**3.3. Cosmic Virial Theorem**

In the cosmic virial theorem (CVT), clustering is assumed to be
statistically stable on scales
1
*h*^{-1}*Mpc*, such that the ensemble-average
contribution of a third mass particle to the relative acceleration of
a pair of galaxies is balanced by the relative motions of the ensemble of
pairs. The kinetic energy is represented
by the pairwise relative velocity dispersion of galaxies
[_{12}(*r*)],
and the potential energy involves a combination of integrals of the
2- and 3-point galaxy correlation functions
[26].
A very crude approximation to the actual relation is

where (*r*) is the
two-point correlation function. In some ways this is like
stacking many groups of galaxies to get a mean *M*/*L*,
so it can be regarded as a statistical version of the mass-to-light
ratio method.

On scales 1 - 10 *h*^{-1}*Mpc* the more useful
statistics for dynamical mass estimates
is the mean (first moment) pairwise velocity in comparison with an integral
of the galaxy two-point correlation function.

In the approach of the Layzer-Irvine (LI) equation, the kinetic energy is associated with the absolute rms velocity (in the CMB frame) of individual galaxies and the potential energy is an integral over the 2-point correlation function.

*New developments:*
It has been realized that the pair velocity dispersion
is an unstable statistic that is dominated by galaxies in clusters.
Attempts are being made to apply the method while excluding clusters.
Filtered versions of the LI approach help truncate the
(weak) divergence in estimating the potential energy and make the kinetic
energy term easier to estimate from data.

*Pro:*
There is no need to associate galaxies with separate groups and clusters;
it is all statistical.
In the LI method the energies are dominated by contributions from the
large-scale mass distribution, and it is therefore less contaminated
by clusters and less biased by the assumption of point masses.
The two-point correlation for the LI method can be measured with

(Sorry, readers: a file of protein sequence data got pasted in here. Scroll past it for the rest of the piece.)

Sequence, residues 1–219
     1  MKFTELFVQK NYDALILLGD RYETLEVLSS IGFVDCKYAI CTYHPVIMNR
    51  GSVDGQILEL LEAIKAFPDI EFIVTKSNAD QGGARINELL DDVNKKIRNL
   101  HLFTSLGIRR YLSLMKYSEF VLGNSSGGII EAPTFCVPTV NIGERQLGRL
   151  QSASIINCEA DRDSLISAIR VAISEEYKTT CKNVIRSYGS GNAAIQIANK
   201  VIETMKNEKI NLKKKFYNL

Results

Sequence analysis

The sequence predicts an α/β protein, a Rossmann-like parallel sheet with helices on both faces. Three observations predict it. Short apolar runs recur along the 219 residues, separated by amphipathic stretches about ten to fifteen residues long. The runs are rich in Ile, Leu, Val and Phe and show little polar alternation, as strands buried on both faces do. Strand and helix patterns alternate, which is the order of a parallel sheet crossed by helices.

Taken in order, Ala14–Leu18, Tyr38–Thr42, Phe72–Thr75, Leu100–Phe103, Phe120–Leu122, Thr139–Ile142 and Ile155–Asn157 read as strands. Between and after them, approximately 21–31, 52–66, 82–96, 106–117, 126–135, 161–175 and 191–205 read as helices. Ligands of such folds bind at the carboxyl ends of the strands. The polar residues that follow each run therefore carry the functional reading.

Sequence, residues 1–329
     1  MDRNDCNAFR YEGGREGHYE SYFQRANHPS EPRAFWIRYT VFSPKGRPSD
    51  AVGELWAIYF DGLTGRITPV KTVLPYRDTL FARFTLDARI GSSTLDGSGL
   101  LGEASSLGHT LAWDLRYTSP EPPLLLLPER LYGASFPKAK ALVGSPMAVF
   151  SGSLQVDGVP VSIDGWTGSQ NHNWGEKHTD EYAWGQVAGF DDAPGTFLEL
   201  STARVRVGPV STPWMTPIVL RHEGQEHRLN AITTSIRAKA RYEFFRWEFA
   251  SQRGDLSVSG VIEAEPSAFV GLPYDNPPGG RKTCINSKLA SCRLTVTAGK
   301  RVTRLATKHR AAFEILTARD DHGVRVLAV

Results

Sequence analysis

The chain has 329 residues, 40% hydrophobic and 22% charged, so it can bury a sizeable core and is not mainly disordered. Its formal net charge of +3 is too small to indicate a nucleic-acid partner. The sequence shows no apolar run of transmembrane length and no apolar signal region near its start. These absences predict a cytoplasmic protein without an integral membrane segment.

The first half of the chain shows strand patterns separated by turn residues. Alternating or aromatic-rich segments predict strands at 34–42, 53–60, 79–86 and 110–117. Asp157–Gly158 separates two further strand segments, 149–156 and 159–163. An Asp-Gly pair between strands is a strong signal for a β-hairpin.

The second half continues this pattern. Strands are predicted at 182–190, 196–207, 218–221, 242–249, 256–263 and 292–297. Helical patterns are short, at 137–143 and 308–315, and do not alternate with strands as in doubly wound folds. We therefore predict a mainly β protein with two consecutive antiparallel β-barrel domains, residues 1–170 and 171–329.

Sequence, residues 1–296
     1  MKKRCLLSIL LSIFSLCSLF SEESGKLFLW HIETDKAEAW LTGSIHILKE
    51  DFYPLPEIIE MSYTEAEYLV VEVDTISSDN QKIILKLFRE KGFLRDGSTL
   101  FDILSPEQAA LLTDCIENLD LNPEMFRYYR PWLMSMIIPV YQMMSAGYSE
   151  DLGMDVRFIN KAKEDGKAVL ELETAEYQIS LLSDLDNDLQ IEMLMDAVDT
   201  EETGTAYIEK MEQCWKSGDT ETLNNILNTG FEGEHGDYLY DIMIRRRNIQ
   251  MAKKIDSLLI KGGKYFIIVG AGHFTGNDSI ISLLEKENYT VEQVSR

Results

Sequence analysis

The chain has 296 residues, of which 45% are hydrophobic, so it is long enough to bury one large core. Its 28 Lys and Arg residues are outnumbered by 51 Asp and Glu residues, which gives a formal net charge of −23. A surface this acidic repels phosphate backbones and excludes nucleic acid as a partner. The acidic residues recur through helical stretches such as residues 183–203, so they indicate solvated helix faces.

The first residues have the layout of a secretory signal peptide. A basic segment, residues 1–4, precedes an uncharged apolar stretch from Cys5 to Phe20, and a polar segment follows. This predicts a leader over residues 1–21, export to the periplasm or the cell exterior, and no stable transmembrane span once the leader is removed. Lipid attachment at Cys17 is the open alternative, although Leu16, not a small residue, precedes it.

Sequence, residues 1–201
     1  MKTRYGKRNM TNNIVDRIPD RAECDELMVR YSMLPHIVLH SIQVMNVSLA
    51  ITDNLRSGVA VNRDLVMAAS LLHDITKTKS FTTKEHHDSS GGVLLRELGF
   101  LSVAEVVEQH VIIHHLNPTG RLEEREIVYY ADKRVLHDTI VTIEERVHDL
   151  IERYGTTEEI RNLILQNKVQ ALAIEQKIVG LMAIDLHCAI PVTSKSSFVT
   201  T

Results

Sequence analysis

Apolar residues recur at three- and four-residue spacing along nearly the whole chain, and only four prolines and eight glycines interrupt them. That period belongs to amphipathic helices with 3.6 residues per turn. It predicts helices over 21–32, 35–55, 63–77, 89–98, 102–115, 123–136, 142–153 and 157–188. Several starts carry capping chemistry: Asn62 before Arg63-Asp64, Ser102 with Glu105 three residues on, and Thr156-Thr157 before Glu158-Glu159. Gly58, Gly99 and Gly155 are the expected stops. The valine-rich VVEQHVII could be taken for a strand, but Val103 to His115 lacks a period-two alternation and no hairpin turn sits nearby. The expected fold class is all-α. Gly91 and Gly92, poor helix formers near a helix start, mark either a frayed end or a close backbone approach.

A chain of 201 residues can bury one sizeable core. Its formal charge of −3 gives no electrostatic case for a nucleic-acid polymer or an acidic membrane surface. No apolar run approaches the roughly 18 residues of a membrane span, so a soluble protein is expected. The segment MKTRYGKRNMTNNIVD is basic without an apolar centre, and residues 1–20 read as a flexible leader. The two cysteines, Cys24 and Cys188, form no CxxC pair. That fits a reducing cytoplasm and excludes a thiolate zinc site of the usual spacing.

reasonable accuracy.

*Con:*
The relevant correlation integrals, and in particular the 3-point
correlation function that enters the CVT, are very difficult to measure.
The pair velocity dispersion in the CVT is an unstable statistic,
that is dominated
by pairs of galaxies in clusters. A robust, self-consistent way to avoid
the clusters is yet to be found.
The absolute velocity dispersion which enters the LI equation
is hard to measure.
The CVT assumes that galaxies are point masses (or of finite size),
which overestimates the force that they exert, and biases
_{m} low.
The overlap of extended galactic halos makes a significant difference.
The methods depend on the assumption that the statistical
distribution of galaxies and mass are similar (as in the
*M*/*L* method).
Otherwise, they must refer to a specific model for galaxy biasing.

*Current Results:*
The line-of-sight pair velocity dispersion outside of clusters is in the
range
_{f}
300 ± 100 *km*
*s*^{-1}
[27]
[28].
With Peebles' old estimate of the correlation functions, assuming point
masses and no biasing, he obtains from the CVT
_{m}
0.15
[6].
From
the mean pairwise velocity in IRAS 1.2Jy
[27]:
_{m} ~ 0.25.
However, it has been demonstrated that with an extended mass distribution
in galactic halos the above CVT estimates are lower bounds,
and that the observations may be consistent with
_{m}
1
[29].